Monday, September 22, 2014

Friday, September 19, 2014

Silly Goose

These Canadian geese were sitting on a log in the Monongahela river.  I imagine they're on their way south, but I wonder if the silly geese know this river is flowing north.

If they stuck it out, they'd eventually be going down the Mississippi.   Wonder how long *that* would take?

Some Googling tells me that it's 102 miles from Morgantown to Pittsburgh.
It's 981 miles from Pittsburgh to Cairo, Illinois.
From Cairo, it's another 871 miles to the Gulf Intercoastal Waterway -- assuming we're going all the way south.

Total = 1,954 miles.    For everything else, there's MasterCard.

One thing for sure, it has to be a lot shorter as the bird flies!

Wednesday, September 17, 2014

Morning on the Mon

Went to work a little earlier today in the hopes of catching rowers on the river.  No luck; they don't start until next week.   And I'll have to arrive even earlier.

So, here's the scenery without the rowers.

Tuesday, September 16, 2014

A story with legs

Last Sunday, I took a brief stroll around White Park in the First Ward.  Thought I'd find some mushrooms to photograph, but I was disappointed.  I did got off this one shot of something strange sitting on a burdock burr.

It's kind of hard to see, but this "thing" has legs.  I posted the photo on Google+, guessing that it might be some sort of leafhopper.  By the end of the day, another person on the Macro Photography group that I haunt had identified it:  meet Helia bimaculata, the Two-spotted Locust Treehopper.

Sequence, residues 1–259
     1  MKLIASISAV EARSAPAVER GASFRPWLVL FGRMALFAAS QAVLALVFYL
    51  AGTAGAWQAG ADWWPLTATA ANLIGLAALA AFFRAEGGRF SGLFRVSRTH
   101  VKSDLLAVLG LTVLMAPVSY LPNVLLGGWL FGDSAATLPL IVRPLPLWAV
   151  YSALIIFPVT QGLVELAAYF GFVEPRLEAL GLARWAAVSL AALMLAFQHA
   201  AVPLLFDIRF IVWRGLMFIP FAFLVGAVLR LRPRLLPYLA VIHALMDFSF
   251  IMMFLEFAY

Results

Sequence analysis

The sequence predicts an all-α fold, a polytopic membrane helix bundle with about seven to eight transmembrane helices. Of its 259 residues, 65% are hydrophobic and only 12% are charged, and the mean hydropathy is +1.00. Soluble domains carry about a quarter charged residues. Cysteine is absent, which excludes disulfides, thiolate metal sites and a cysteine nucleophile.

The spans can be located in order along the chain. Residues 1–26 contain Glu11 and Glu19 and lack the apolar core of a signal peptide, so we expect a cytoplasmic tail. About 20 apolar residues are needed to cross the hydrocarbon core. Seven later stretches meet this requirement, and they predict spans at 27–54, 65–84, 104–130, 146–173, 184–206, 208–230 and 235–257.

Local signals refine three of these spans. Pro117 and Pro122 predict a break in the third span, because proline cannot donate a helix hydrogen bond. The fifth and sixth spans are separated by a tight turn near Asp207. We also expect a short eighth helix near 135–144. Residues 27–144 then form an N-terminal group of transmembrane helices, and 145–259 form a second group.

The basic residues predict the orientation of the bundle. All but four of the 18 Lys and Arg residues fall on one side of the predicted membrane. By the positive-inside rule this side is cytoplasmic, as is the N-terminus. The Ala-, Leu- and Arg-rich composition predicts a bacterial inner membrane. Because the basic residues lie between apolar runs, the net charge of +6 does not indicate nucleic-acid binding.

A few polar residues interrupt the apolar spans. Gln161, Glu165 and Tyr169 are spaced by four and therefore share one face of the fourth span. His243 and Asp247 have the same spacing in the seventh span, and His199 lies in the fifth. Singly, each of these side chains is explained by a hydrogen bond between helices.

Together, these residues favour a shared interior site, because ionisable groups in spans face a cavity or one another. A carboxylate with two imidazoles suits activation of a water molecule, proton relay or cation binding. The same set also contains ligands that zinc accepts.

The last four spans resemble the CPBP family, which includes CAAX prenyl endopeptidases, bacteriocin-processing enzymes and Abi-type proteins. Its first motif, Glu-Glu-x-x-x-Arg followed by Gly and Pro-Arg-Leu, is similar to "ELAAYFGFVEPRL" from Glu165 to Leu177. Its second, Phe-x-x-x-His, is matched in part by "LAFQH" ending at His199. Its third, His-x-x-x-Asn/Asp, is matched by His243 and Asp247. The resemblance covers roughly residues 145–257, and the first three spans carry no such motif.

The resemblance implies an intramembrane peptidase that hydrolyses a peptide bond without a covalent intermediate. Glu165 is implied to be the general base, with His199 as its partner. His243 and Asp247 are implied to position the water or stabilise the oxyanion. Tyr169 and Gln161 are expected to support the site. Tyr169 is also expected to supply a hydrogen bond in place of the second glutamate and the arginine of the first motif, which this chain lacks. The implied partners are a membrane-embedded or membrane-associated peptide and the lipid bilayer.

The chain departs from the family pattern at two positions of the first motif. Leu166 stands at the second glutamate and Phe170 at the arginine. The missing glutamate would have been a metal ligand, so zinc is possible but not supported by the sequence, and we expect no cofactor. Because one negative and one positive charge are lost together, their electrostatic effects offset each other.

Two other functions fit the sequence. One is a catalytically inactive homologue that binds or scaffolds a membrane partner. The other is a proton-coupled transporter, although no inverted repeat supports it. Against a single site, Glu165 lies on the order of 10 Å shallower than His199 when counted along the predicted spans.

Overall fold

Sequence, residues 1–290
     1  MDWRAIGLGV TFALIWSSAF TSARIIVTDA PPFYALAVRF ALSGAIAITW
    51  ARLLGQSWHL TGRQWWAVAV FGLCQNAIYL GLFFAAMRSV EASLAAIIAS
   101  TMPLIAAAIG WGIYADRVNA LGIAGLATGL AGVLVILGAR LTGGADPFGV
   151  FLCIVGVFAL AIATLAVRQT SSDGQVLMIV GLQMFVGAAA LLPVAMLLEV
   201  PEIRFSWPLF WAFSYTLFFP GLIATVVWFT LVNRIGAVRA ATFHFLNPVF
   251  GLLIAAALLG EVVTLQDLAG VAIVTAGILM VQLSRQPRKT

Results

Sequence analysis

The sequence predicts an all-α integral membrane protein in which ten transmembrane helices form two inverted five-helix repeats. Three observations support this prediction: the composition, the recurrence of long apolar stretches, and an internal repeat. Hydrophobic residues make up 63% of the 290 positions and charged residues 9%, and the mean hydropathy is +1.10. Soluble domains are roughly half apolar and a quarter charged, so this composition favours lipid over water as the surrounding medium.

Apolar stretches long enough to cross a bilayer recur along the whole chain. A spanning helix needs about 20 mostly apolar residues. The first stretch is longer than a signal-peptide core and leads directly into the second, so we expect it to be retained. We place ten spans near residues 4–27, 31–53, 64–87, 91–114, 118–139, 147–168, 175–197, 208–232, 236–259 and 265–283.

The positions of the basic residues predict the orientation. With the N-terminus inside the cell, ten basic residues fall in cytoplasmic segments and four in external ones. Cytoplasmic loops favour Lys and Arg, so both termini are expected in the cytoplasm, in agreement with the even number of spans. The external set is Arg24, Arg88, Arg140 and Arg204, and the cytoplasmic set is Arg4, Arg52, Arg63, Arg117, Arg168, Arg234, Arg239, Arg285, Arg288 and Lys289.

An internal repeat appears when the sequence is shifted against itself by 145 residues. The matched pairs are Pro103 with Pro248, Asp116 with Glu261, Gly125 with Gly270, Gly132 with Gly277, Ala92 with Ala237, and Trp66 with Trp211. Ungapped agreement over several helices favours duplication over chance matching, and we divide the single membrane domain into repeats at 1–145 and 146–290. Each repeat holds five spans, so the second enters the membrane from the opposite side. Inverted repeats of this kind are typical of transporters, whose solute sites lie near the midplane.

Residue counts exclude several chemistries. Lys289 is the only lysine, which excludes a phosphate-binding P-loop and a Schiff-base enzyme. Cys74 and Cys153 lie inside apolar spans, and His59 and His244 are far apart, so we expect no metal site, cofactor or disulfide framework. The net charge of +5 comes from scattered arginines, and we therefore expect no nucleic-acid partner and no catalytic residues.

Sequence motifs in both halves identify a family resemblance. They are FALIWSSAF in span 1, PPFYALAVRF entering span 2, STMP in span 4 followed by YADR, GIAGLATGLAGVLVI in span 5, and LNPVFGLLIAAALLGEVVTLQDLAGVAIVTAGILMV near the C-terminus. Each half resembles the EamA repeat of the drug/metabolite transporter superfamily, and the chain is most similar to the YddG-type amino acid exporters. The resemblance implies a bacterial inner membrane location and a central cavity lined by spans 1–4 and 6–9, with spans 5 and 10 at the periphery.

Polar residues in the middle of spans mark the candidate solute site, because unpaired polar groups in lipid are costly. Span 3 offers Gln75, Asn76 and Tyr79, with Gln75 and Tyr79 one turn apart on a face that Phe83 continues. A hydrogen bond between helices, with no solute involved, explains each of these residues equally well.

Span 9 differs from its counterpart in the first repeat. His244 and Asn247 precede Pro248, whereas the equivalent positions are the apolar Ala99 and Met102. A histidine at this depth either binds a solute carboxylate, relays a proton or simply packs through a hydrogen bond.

Tuesday, September 9, 2014

Super Moonday

Last night (a Monday) was the night before the official full moon.  This one is the third and last so-called Super Moon of the year.

The first go-round of photographs was a dud.  I'd forgotten the exposure tips for shooting the moon.  Got nice, dramatic clouds but a completely washed out moon.  The trick is to use a tight aperture, like f/16.  It's one of those few times where a manual exposure comes in really handy.

Post-processing is Black & White, using Nik Silver Efex Pro.

Monday, September 8, 2014

No need to die sitting

In the past few years, I've seen several people at work take to using the standing desk.  It was with some relief that I read a EurekAlert posting today, which says that taking a few 5-minute walks can reverse the harm caused to leg arteries during three hours of prolonged sitting.
Sitting for long periods of time, like many people do daily at their jobs, is associated with risk factors such as higher cholesterol levels and greater waist circumference that can lead to cardiovascular and metabolic disease. When people sit, slack muscles do not contract to effectively pump blood to the heart. Blood can pool in the legs and affect the endothelial function of arteries, or the ability of blood vessels to expand from increased blood flow.
Study participants who walked for 5 minutes each hour of sitting saw their arterial function stay the same -- it did not drop throughout the three-hour period. Saurabh Thosar says it is likely that the increase in muscle activity and blood flow accounts for this.

Knock-kneed goats and bow-legged sheep

Meet the White Snakeroot (Ageratina altissima), which is native to eastern North America. Snakeroot contains the toxin tremetol.

According to Wikipedia, when cattle eat the plant "the meat and milk become contaminated with the toxin. When milk or meat containing the toxin is consumed, the poison is passed on to humans. If consumed in large enough quantities, it can cause tremetol poisoning (milk sickness) in humans." During the early 19th century, large numbers of European immigrants were killed by milk sickness.

The plants are also poisonous to horses, goats, and sheep. Signs of poisoning in these animals include depression and lethargy, placement of hind feet close together (horses, goats, cattle) or held far apart (sheep), nasal discharge, excessive salivation, arched body posture, and rapid or difficult breathing.
So, if you're a farmer,watch out for knock-kneed goats and bow-legged sheep.  It could be a sign.